DEAR DR. DONOHUE: I am a 70-year-old retired surgeon who has taken Lipitor for the past five years. I also am a serious slalom water-skier. This sport puts great stress on muscles. While skiing, I suffered a silent tear of the hamstring muscle that became painful several hours later. A large hematoma formed. I know that a complication of Lipitor is muscle weakness, and I discontinued it immediately. Is the mechanism of muscle weakness known? Do the muscles strengthen again in time, and how long does that take? I want to return to skiing. – B.W.

ANSWER:
Statin drugs (Lipitor, atorvastatin; Zocor, simvastatin; Pravachol, pravastatin; Crestor, rosuvastatin; Lescol, fluvastatin; and Mevacor, lovastatin) are the most effective cholesterol-lowering drugs available. It seems that just about everyone over 50 takes one of them. They can cause muscle problems. Myalgia is one of those problems. It is muscle inflammation with tenderness and pain. Myopathy is another problem. It’s muscle achiness and weakness. And the third, and most serious, complication is rhabdomyolysis, muscle disintegration. This happens very rarely, to about one in 10,000 users. Lowering the dose, switching to another statin or changing to a different medicine is usually all the treatment necessary, except for rhabdomyolysis.

The exact mechanism that causes statin-induced muscle trouble hasn’t been clearly demonstrated. It’s postulated that it might be due to a lessening of the production of mevalonate, a body material critical to muscle health.

People simultaneously taking drugs like gemfibrozil, some anti-fungals, macrolide antibiotics like erythromycin, the heart medicine digoxin and the blood thinner Coumadin are more likely to develop muscle complications with statin drugs.

Almost all recover from this side effect without any permanent damage. Recovery might take a month or two. Rhabdomyolysis, however, can be deadly. You’ll ski again. I’ll wave as you pass by.

DEAR DR. DONOHUE: I have used aluminum waterless cookware since 1958. When I simmer tomato sauces in it, I notice that the pot is shiny afterward. Yikes! Does that mean aluminum has gone into the sauces and into us? Is that harmful? Does it lead to Alzheimer’s disease? – L.P.

ANSWER:
Traces of aluminum have been found in the brains of some Alzheimer’s patients. To date, there has been no conclusive link between aluminum and Alzheimer’s. Furthermore, aluminum cookware releases very little of this metal into the food cooked in it. Most experts do not advise people to stop using such cookware.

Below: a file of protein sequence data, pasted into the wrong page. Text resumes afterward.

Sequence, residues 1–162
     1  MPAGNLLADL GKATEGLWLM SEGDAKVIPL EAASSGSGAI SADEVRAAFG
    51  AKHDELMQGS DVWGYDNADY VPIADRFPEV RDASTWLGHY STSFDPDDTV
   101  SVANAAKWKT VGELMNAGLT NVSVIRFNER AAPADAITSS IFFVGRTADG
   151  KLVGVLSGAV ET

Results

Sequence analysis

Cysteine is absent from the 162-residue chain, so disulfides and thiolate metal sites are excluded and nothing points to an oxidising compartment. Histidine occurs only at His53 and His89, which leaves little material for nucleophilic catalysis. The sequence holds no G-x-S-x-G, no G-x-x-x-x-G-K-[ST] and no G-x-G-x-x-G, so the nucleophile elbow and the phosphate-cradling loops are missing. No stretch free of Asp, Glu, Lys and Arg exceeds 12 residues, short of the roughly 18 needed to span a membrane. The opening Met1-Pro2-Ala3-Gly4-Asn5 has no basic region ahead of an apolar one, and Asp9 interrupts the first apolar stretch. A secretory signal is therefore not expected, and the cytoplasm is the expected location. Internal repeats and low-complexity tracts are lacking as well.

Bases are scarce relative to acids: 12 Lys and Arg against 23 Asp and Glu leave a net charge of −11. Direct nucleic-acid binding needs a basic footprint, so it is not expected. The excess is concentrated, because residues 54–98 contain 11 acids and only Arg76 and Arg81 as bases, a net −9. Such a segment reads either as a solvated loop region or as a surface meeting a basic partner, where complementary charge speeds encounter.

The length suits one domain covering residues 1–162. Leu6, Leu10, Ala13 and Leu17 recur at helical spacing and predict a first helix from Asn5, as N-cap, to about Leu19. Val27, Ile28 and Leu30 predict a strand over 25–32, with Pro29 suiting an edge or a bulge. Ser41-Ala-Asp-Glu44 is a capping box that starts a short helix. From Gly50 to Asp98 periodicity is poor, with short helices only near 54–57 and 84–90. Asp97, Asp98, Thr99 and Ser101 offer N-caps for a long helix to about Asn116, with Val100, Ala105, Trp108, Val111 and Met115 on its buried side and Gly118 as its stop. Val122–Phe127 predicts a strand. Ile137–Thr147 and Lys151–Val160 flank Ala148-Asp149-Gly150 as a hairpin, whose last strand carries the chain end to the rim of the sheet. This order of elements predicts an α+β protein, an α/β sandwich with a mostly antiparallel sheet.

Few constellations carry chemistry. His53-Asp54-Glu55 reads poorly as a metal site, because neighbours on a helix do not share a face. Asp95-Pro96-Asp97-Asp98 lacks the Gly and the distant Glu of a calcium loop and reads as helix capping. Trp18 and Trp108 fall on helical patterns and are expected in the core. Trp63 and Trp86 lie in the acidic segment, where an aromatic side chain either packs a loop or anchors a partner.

Alzheimer’s disease is a tragedy for the patient and the patient’s family. The booklet on it describes what it is and how it’s treated. Readers can order a copy by writing: Dr. Donohue – No. 903, Box 536475, Orlando, FL 32853-6475. Enclose a check or money order (no cash) for $4.75 U.S./$6 Can. with the recipient’s printed name and address. Please allow four weeks for delivery.

DEAR DR. DONOHUE: I have mucus that drains down into my mouth and throat constantly. I hope you can offer some help for me. – H.E.

ANSWER:
You’re describing postnasal drip, the irksome trickling of mucus into the back of the mouth and throat. It is thick, gluey and tastes awful. The mucus often comes from chronically infected sinuses.

Try saltwater irrigation of the nose to clear up some of this mucus. Boil some water, and into a cup of boiling water add a quarter-teaspoon of salt. Let the water cool. With a bulb syringe, available in drugstores, gently flush both nostrils.

Before going to bed, take a drug that contains both an antihistamine and a decongestant. Drixoral Cold and Allergy Tablets is one such drug. It can slow the trickle at night, when it’s usually at its worst.

You might have to enlist the help of an ear, nose and throat doctor, who can inspect your sinuses and tell you if you need more intensive treatment.

Dr. Donohue regrets that he is unable to answer individual letters, but he will incorporate them in his column whenever possible. Readers may write him or request an order form of available health newsletters at P.O. Box 536475, Orlando, FL 32853-6475. Readers may also order health newsletters from www.rbmamall.com.


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